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Children in State Custody

This past Thursday, our local newspaper ran a blistering story blaming the Department of Children, Youth, and Families for the fact that twelve separate children in state custody have been lost during the pendency of various court cases in which the mother or father were involved.

The story attests that DCYF took custody of these children and filed a petition against their parents, thus opening the family to the family court system.

While cases are open to DCYF, the Department holds custody of the children and the kids may either remain placed with a parent (if that is safe), placed with relatives of the parents, or placed in temporary foster care (strangers) until the Department can finish its investigation and / or the parents seek the help they need.

During the pendency of the cases in which the children are placed in foster care, or with relatives other than the parents, the children may at one point or another be reunified with their mother or father, while DCYF services remained implemented in their lives as needed.  And while the case remained open to the judge.  The home remains supervised by the Department as needed.

For reunification to occur – even on a temporary, trial basis, the judge must approve it after taking the recommendations of DCYF and CASA into close account.

The story states that these twelve children (and several others) were failed by the Department for having allowed the parents to take custody of them while still undergoing some acute mental health treatment or substance abuse protocols.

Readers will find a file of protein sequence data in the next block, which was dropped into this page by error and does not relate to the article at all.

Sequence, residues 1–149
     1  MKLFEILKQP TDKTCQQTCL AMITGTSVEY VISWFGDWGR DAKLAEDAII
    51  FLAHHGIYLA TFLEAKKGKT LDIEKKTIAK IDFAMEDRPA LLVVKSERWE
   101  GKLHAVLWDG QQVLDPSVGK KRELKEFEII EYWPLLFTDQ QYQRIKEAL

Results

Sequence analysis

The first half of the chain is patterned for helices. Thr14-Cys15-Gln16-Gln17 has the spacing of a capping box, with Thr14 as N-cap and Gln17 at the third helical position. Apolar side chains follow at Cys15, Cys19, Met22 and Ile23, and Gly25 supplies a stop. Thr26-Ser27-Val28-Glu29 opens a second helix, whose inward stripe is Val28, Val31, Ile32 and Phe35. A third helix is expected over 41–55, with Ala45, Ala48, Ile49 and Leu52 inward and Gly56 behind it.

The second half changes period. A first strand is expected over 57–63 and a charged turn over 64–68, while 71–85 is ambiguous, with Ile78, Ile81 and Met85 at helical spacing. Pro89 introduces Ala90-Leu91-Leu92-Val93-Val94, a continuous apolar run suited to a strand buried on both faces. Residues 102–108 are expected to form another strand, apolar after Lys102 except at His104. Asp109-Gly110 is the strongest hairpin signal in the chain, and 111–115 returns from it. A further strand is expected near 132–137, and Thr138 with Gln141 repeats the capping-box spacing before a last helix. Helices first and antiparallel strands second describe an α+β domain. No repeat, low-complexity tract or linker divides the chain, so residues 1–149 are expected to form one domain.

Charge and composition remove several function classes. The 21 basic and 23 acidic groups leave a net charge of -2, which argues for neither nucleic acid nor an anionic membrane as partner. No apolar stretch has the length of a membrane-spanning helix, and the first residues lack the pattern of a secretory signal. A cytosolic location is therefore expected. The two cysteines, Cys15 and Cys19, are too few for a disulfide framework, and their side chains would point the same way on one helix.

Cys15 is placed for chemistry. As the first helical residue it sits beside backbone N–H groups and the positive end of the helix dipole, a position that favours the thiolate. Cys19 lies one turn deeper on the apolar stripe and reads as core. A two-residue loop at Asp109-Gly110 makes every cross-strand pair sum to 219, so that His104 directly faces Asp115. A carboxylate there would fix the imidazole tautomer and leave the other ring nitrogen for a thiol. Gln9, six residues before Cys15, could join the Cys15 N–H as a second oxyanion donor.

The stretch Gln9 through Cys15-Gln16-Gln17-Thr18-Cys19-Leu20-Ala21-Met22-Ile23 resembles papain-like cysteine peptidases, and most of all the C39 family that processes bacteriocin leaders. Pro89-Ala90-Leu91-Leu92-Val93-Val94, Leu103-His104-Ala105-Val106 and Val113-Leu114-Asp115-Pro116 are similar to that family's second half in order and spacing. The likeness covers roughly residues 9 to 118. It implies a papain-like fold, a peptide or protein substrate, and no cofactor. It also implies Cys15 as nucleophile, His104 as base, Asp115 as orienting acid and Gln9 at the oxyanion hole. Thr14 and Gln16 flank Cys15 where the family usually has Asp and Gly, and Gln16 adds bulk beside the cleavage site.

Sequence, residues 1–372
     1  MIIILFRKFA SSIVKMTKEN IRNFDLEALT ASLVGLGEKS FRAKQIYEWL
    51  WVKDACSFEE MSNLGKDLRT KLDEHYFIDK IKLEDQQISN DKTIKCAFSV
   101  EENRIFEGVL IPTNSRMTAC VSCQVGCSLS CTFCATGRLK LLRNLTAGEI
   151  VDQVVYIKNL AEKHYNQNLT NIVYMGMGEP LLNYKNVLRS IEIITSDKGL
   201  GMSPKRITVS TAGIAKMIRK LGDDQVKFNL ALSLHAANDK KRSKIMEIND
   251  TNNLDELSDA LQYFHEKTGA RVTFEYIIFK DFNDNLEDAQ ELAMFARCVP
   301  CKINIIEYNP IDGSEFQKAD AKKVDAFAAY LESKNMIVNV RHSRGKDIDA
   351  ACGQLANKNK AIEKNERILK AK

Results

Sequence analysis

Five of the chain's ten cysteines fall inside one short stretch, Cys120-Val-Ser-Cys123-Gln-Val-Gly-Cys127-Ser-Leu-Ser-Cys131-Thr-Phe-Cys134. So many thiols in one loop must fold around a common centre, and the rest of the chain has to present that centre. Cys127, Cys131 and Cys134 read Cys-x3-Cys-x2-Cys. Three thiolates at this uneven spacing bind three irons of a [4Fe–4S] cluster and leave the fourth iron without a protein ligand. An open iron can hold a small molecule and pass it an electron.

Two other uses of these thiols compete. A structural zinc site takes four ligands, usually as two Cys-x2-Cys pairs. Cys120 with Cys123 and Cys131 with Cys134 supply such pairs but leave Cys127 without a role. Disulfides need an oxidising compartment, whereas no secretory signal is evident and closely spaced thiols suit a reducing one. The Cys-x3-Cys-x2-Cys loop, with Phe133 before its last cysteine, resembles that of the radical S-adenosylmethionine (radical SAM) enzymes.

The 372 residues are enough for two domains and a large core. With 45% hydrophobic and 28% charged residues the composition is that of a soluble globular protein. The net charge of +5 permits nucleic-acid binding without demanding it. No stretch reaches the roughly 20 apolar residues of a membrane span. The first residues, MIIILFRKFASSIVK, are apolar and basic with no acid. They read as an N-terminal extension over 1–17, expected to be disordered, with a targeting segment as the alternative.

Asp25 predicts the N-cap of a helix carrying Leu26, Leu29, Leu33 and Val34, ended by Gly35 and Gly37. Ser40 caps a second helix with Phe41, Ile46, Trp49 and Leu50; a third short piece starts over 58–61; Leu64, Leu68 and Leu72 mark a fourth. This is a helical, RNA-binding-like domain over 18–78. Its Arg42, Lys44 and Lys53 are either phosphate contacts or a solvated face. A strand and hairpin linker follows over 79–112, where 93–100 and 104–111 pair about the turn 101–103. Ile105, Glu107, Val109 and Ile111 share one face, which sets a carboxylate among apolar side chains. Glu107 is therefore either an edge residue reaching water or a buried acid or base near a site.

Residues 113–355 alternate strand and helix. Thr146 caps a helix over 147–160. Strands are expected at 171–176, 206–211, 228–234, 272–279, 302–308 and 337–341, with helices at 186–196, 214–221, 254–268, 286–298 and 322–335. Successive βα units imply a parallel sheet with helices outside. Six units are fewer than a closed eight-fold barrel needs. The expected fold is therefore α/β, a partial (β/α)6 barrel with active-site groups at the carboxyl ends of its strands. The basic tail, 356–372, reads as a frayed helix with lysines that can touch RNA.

The blame is misplaced, in my opinion.

It is rarely the Department’s decision whether to reunify.

In my experience, when a child is reunited with their parent it is often over the objection of the Department’s attorney, social worker, and / or investigator.  Either a family court judge or administrative hearing officer reviewed the testimony and evidence and was persuaded that the children were not at risk in returning home with their parent or parents.

In Providence County alone it is customary for sixty of these DCYF cases to be heard each day, each with a Family Law attorney arguing for reunification as soon as possible.

And the mandate of DCYF proceedings is to rehabilitate, not punish, the families involved.

Blame the judges, if you must.  Or blame the Family Law attorneys (any Family Law attorney who does not consider the child to be their client is worthless, as these twelve pour children can attest).  Blame CASA if you really need to.  But don’t blame DCYF until you know all the minutiae of a case.

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